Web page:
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July 22, 2012 / hippiechickamblings

Magic and Mahem

There’s a certain magic about summer, when viewed through the eyes of a child, that’s undeniable. Before we become jaded with too much living, before the scrim of cynicism blurs our vision, summer has a clarity and heady perfume about it that stirs our blood, igniting some giddy savage within. Every blade of grass stands out in sharp relief, a whiff of wild honeysuckle can make us drunk, and the warmth of the sun on our backs, buffered by the breeze whipped up on our bikes, is a siren’s call to freedom.

To a kid, summer is warmth and light and pure, unrestrained joy. It’s the loom where the most golden memories are woven into that glittering cape we can only wear a short time. But there’s always that one particular summer that stands out above the others, the one that sticks like those last stubborn grains of sand we can’t shake from our shoes. For me it was the summer of 1966. I learned how to swim that summer. It was also the summer I met the bear-man and learned about mass murder.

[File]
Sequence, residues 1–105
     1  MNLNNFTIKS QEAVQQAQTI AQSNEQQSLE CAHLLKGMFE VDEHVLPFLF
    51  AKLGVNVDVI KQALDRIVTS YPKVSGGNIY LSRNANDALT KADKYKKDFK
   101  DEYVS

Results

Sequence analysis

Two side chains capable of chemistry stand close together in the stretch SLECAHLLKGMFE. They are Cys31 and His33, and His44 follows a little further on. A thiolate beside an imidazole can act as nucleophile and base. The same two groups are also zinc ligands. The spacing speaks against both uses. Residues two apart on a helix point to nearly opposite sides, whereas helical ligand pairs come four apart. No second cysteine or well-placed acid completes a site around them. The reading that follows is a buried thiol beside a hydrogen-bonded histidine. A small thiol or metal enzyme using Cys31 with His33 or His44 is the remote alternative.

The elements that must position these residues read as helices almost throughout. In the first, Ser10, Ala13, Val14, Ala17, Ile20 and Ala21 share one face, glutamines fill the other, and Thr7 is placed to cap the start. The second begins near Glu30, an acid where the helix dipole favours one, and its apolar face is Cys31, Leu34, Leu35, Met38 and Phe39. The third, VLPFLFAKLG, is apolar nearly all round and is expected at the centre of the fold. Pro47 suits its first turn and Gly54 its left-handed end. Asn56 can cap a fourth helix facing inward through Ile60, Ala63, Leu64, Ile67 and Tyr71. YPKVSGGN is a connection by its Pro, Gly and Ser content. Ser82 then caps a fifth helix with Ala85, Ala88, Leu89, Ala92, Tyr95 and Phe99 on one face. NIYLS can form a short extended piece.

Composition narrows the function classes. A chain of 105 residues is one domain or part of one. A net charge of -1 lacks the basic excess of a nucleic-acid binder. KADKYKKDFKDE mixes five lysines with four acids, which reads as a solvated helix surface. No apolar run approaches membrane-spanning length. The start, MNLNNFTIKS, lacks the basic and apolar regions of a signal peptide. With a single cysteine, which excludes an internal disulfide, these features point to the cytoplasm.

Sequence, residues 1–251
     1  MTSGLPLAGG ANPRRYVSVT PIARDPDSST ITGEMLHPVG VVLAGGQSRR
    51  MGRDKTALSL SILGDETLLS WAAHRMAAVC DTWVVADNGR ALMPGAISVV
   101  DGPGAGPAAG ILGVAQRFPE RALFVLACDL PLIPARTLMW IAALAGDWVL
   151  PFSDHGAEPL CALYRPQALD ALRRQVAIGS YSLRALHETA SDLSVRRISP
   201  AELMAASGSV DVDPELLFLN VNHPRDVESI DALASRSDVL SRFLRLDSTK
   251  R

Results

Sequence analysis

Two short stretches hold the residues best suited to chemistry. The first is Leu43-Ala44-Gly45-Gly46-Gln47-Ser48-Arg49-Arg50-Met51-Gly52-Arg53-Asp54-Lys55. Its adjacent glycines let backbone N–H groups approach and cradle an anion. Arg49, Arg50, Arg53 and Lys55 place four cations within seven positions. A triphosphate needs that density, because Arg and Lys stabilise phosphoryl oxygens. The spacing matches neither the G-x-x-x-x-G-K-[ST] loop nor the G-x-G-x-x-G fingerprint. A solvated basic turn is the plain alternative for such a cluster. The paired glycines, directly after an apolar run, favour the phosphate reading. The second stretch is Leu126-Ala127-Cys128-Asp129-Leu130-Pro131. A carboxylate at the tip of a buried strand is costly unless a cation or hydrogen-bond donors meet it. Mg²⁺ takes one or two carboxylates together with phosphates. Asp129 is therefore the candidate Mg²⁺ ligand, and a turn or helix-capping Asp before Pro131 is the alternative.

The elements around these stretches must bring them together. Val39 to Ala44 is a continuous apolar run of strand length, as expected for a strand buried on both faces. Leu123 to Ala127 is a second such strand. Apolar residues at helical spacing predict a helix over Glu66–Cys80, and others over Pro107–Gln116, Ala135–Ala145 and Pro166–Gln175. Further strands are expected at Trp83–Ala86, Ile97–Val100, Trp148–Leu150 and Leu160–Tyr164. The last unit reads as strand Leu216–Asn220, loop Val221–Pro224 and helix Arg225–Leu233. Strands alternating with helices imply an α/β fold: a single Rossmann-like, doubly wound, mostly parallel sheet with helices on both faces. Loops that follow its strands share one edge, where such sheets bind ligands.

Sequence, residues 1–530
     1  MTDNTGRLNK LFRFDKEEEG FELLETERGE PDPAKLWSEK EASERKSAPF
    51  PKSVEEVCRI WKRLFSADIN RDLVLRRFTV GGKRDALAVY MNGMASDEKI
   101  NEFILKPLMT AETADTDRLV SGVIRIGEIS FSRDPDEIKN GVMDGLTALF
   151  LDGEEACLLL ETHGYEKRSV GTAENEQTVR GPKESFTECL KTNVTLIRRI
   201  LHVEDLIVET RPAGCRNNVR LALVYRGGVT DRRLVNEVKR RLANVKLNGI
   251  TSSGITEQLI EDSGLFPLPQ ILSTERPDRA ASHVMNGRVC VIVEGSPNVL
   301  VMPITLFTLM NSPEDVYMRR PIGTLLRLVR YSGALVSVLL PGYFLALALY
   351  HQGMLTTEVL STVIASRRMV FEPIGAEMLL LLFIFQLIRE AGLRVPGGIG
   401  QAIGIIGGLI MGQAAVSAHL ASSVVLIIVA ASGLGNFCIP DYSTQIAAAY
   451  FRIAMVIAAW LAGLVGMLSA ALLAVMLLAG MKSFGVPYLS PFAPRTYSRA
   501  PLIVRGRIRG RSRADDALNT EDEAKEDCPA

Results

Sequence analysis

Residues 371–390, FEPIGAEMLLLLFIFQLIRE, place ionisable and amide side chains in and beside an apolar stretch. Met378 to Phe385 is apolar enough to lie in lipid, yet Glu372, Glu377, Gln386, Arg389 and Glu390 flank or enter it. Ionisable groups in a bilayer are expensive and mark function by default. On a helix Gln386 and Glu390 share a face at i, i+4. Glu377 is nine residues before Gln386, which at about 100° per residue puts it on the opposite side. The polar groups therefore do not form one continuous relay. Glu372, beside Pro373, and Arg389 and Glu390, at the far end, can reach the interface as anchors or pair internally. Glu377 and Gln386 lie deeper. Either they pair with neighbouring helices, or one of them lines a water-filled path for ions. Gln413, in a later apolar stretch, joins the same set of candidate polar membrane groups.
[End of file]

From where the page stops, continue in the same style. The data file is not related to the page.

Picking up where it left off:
We vacationed in the Smoky Mountains that year, in a borrowed cabin out in the boonies. The cabin was no rental. That would’ve been beyond what my parents could afford. Funny, how it never occurred to me that we weren’t “well off.” All I knew was that adventure awaited me somewhere in the midst of those majestic peaks, their summits disappearing in a haze of violet. We did all the “touristy” things on that trip, visiting historical sites, national parks, seeing black bears up close, and wandering through a Cherokee reservation. I remember all those things, but only vaguely, like a remnant of a nearly-forgotten dream. What clings to me in the most vivid recall, what still gives me a shiver of delight and a tickle of fear, has nothing to do with bears or souvenirs.